An argument against trading the farm (literally) for Halladay

Let’s say you’re the GM of the Los Angeles Angels of Anaheim/Hermosa Beach/San Mateo, California. Your club is currently in a battle with the Texas Rangers (who have an outstanding lineup by the way) in the AL West and you learn that Toronto, at the very least, is listening to offers for ace Roy Halladay.

Roy Halladay!

You’re beside yourself thinking of the possibilities of a starting rotation that features “the Doc,” John Lackey, Jered Weaver, Joe Saunders and Ervin Santana. You think to yourself, “There’s no way the Rangers will be able to handle a rotation like that. In fact, there’s no way the Red Sox, the Yankees or even Moses himself could overcome that starting five!”

It’s true – Halladay is a bad man. He currently sports a 10-2 record with a 2.79 ERA and a dazzling 1.09 WHIP. He would make any good rotation great and any great rotation into a World Series-caliber machine. He’s that good and probably worth sacrificing future pieces for.

But considering Blue Jays’ GM J.P. Ricciardi is probably looking for an overwhelming deal (assuming he really is considering trading Halladay and this isn’t just one big media tease), is Halladay worth the price (both financially and in terms of prospects) for a year and a half? Remember, he becomes a free agent at the end of the 2010 season and given his age, he’s going to want to test the market to play for a contender of his choosing.

Let’s stick with the Angels theme. If you’re GM Tony Reagins, a deal for Halladay would probably mean giving up pitching prospects Jordan Walden and Trevor Reckling, as well as hitters Brandon Wood and Hank Conger. (And maybe even another mid level farm piece.)

Is it worth it? Reckling and Walden are the future of the rotation, Wood is one of the best hitting prospects in the minors and the organization feels as though Conger has a bright future. Don’t forget that Lackey is a free agent after this season and Halladay will be free to test the market after 2010. The Halos are going to need Reckling and Walden in the rotation soon if Lackey jets and Halladay (if acquired obviously) departs after next season.

Maybe giving up a package like that is worth it for Reagins and the Angels. If Halladay helps you win a World Series this year, then great right? Isn’t winning the World Series the ultimate goal? And besides, Reckling, Walden, Wood and Conger are all fine prospects, but there’s no guarantee that they’ll ever produce in the big leagues. They could all go to the Jays and rot in Toronto for the next four or five years while the Halos are sporting 2009 World Series rings. Plus, Halladay is as close to a guarantee as a team will ever get.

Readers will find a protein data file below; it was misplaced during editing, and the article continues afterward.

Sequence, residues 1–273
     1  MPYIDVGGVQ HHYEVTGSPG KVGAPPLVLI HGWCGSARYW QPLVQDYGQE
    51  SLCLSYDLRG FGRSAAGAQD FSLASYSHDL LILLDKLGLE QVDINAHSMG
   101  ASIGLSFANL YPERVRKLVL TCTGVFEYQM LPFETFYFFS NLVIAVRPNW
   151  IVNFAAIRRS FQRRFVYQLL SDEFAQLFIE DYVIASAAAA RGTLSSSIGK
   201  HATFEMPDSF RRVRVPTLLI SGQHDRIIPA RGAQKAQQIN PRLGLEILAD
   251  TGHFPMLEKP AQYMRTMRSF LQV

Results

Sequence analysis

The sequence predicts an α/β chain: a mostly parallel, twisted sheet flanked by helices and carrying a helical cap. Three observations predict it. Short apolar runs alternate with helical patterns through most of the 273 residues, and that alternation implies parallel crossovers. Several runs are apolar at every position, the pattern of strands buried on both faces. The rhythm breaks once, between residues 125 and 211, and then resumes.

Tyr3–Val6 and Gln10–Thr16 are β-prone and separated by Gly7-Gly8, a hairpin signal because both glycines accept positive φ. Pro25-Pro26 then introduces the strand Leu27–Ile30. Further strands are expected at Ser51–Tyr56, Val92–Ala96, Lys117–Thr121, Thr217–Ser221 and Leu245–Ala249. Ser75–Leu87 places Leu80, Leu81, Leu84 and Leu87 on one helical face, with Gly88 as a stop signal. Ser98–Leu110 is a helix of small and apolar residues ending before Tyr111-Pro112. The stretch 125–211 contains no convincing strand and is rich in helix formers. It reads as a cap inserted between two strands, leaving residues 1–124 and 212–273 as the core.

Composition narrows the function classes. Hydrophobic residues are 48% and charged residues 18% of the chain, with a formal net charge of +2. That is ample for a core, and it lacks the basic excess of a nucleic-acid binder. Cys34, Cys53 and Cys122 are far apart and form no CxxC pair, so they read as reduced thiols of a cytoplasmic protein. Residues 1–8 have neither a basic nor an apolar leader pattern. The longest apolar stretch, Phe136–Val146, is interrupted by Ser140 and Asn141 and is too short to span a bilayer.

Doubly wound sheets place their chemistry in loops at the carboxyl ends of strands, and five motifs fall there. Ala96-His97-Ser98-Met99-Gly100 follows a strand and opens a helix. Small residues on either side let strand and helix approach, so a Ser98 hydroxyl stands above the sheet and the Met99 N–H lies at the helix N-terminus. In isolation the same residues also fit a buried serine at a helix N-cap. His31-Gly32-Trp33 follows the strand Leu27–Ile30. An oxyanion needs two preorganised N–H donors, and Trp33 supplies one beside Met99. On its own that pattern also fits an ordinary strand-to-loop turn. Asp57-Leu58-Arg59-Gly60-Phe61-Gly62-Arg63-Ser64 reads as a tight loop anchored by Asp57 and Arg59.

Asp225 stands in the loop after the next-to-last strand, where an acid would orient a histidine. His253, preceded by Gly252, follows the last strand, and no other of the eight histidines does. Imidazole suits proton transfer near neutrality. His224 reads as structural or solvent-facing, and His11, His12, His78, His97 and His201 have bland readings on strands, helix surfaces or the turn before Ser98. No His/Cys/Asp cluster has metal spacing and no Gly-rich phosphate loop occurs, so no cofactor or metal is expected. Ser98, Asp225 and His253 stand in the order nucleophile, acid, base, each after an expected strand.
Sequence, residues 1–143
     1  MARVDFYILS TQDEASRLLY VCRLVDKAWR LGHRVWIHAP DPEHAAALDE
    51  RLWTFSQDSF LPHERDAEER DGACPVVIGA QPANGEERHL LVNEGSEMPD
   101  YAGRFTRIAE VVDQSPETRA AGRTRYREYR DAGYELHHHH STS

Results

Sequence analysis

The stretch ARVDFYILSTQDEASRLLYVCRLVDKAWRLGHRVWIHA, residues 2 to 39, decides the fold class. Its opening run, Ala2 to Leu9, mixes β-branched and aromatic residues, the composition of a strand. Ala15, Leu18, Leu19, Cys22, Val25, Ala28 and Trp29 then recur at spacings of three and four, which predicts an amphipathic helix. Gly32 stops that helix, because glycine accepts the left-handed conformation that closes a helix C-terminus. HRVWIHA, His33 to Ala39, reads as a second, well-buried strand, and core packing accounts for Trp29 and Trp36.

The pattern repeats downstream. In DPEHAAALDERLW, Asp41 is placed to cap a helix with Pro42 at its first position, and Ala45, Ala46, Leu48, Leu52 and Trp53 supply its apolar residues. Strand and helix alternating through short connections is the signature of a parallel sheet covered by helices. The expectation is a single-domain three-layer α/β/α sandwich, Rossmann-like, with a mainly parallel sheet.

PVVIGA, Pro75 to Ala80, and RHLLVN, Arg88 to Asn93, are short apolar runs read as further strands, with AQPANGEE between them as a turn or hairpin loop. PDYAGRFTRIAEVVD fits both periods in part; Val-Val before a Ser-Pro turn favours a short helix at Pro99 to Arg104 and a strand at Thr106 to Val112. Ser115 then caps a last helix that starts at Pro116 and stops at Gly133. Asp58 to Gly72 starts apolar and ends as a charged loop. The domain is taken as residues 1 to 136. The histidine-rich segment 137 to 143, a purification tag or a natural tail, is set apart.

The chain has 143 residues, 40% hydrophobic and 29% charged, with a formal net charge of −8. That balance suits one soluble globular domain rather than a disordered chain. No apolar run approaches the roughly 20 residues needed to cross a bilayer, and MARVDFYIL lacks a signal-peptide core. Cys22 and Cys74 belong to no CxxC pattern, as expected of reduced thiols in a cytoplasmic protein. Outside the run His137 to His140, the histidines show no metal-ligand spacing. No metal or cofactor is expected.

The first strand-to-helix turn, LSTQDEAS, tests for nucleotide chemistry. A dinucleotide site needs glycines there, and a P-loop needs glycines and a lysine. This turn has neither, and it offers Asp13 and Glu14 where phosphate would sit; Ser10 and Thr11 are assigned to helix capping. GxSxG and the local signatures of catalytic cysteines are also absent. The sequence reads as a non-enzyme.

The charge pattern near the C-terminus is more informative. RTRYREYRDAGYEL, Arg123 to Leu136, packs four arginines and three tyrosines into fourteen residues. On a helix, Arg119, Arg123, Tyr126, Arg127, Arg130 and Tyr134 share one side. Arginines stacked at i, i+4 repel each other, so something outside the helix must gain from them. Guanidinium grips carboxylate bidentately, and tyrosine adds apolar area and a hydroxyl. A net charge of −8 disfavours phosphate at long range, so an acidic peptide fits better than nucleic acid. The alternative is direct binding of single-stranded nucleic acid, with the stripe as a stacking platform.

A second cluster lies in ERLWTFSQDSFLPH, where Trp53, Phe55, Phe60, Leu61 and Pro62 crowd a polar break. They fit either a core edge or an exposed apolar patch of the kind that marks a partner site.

But baseball is shifting back to a young man’s game. The Rays proved last year that you could build a winner through your farm system and not only compete for one season, but also three or four. Plus, when was the last time a team made a blockbuster move around the trade deadline and have it pay off? It didn’t work for Milwaukee last year when it acquired CC Sabathia from Cleveland and it didn’t pan out for Atlanta in 2007 when it gave up a slew of prospects for Mark Teixeira.

Granted, there have been midseason trades that have panned out for the team acquiring the bigger piece. But in most cases, giving up a ton of young prospects for what should have been a meal ticket to the World Series proves to be a fruitless adventure.

Trading for Halladay sounds thrilling for a contender like the Angels, or the Dodgers, or the Yankees, or the Red Sox, or the Phillies. But unless you’re getting a World Series title, can be assured Halladay will stick around past 2010, or can somehow avoid giving up your top prospect, it’s probably a wise decision to pass.

Follow the Scores Report editors on Twitter @clevelandteams and @bullzeyedotcom.

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